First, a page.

KUALA LUMPUR, Jan 9 — Former deputy minister of International Trade and Industry (Miti) Ong Kian Ming today said that Talent Corporation Malaysia Bhd (TalentCorp) needs to be empowered to ensure that the agency achieves better results in attracting talent back home.

After criticism over Malaysia’s inability to plug the brain drain, calls for the closure of TalentCorp have been louder than ever.

“Rather than putting all of the blame on TalentCorp, we should instead empower TalentCorp so that it can achieve better results moving forward.

“Shutting down TalentCorp is akin to throwing out the baby with the bathwater and ignoring the productive work which this agency has done (and) carried out since its creation in 2011,” Ong said in a statement this morning.


He further explained the role of TalentCorp, saying it is not responsible for human resource policies, the creation of high-paying jobs, raising the minimum wage, or act as a recruitment or job search agency.

“What TalentCorp is responsible for is increasing the availability of high-skilled human capital in Malaysia.

“This includes bringing back overseas Malaysians who have accumulated skills and experience in certain critical occupation sectors under the Returning Experts Programme (REP),” he said.


He said the Ministry of Human Resources should push for the REP to be given a fresh mandate with enhanced incentives, especially with the increase in foreign direct investment (FDI) and the opportunity to bring home skilled Malaysians with different industry experts.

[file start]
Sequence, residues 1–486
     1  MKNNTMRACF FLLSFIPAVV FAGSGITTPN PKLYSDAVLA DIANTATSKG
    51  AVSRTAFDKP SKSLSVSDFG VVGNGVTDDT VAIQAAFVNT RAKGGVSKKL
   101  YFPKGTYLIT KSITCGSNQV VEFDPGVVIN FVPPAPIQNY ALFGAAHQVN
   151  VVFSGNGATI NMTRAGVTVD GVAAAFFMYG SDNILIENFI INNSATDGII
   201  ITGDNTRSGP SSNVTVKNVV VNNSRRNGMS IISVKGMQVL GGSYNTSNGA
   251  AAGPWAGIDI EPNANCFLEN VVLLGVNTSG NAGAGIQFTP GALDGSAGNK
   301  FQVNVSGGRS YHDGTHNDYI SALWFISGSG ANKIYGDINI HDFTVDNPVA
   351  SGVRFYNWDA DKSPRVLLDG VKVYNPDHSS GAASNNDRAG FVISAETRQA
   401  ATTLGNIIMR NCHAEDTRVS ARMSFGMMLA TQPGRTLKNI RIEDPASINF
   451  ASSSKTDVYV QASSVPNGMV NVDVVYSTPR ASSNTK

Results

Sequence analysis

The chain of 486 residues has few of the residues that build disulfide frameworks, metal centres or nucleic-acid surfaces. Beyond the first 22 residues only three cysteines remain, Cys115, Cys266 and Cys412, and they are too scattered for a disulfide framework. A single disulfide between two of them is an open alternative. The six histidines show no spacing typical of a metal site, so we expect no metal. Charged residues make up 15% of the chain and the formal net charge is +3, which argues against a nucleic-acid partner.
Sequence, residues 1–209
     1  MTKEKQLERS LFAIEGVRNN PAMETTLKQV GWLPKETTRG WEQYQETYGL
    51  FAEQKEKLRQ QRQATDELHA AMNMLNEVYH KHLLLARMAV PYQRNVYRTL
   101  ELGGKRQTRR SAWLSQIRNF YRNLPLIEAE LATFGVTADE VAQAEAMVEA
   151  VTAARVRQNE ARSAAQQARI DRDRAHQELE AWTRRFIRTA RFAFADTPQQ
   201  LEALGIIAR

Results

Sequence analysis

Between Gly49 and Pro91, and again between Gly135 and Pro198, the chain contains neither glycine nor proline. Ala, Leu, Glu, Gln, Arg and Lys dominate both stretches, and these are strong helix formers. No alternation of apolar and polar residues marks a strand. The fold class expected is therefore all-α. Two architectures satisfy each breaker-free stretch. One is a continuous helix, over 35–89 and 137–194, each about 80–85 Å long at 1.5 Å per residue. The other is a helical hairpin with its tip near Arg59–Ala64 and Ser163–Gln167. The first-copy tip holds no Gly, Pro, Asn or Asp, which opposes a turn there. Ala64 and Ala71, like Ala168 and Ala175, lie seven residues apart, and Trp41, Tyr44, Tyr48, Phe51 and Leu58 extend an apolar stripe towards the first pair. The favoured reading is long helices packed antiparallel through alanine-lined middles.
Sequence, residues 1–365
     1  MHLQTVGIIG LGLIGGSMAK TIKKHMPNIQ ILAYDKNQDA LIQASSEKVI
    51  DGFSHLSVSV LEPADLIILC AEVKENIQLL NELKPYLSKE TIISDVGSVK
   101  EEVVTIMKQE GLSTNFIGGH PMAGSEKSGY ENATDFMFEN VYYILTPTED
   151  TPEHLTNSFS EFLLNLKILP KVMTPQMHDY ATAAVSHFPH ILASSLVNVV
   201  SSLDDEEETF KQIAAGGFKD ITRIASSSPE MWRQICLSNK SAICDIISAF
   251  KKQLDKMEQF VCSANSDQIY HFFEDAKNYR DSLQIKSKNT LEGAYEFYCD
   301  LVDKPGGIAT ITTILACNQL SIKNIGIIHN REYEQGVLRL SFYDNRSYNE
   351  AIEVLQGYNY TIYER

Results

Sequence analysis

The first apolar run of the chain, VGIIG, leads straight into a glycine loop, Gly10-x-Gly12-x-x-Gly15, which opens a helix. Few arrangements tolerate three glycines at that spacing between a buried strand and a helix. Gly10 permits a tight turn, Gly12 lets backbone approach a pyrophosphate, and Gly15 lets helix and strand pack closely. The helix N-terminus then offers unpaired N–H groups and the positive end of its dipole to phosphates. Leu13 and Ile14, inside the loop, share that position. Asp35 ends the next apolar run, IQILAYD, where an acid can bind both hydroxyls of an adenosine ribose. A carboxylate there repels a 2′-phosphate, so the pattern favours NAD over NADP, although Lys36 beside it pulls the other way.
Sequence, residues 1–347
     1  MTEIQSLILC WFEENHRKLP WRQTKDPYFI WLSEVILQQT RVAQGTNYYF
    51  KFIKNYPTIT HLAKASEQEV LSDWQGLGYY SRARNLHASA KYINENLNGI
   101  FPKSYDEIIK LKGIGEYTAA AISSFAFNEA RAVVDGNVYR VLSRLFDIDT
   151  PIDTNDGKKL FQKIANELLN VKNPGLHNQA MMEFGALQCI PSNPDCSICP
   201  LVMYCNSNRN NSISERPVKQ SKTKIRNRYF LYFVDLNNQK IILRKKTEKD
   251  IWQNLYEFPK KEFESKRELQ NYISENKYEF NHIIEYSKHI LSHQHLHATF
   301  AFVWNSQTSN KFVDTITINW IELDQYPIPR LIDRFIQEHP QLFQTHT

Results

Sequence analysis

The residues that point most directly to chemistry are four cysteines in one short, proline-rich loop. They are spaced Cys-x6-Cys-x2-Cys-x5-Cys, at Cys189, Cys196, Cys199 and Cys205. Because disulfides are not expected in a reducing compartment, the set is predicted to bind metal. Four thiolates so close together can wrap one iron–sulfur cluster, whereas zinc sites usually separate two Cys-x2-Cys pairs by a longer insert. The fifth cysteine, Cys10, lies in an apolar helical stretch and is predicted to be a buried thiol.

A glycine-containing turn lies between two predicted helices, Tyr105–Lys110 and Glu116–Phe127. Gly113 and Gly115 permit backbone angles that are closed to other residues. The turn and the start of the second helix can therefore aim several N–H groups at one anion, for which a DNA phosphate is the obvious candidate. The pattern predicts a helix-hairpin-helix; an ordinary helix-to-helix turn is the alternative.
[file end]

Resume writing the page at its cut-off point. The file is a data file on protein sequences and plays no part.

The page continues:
He said that these incentives may not necessarily be financial but comes in the form of other low-hanging fruit such as expediting permanent residency (PR) applications for spouses and children of returning experts.

“TalentCorp also brings in highly skilled non-Malaysians into the country through the processing of expatriate work visas via their one-stop Malaysia Expatriate Services Centre (MyXpats Centre).

“The efficient processing of these work visas is one of the reasons why Malaysia is an attractive FDI location not just in Southeast Asia but globally in the manufacturing and increasingly, global business service (GBS) sectors,” he said.

Ong said that one of the challenges many MNCs currently face is the requirement to advertise job openings for 30 days in a PERKESO job portal before they can be offered to an expatriate worker.

“Not only is this policy ineffective in ‘protecting’ jobs for Malaysians, but it also fails to recognise that the hiring of expatriates for such positions will often result in the hiring of Malaysians in complementary roles as the operations of the MNC in question expands and grows.

“Over time, many of these expatriates will also be replaced by homegrown talent. Getting rid of such requirements, especially since we are well into our post-Covid recovery, would enable TalentCorp to bring in highly skilled expatriates more efficiently as part of the process to grow the talent base,” he said.

He said TalentCorp’s proposal, which allows Malaysian companies to hire foreign graduates of Malaysian universities in selected sectors via special visas, is an effective solution to reverse the brain drain.

He then praised some of TalentCorp’s initiatives including the Structured Internship Programmes (SIP), internship matching service MyNEXT, and championing flexible work arrangements during the pandemic.

He said that while the work of TalentCorp does not grab headlines in the same manner as news about Malaysian talent thriving in other countries, it brings about incremental change that contributes to Malaysia’s talent landscape.

“Rather than entertain thoughts of shutting down TalentCorp, this agency should be empowered to do more so that its objectives can be better achieved for the betterment of the nation,” he said.

New Straits Times reported that last year, TalentCorp only managed to bring back 5,774 Malaysians through the REP, a 0.33 per cent of the total number of Malaysians who left for other countries.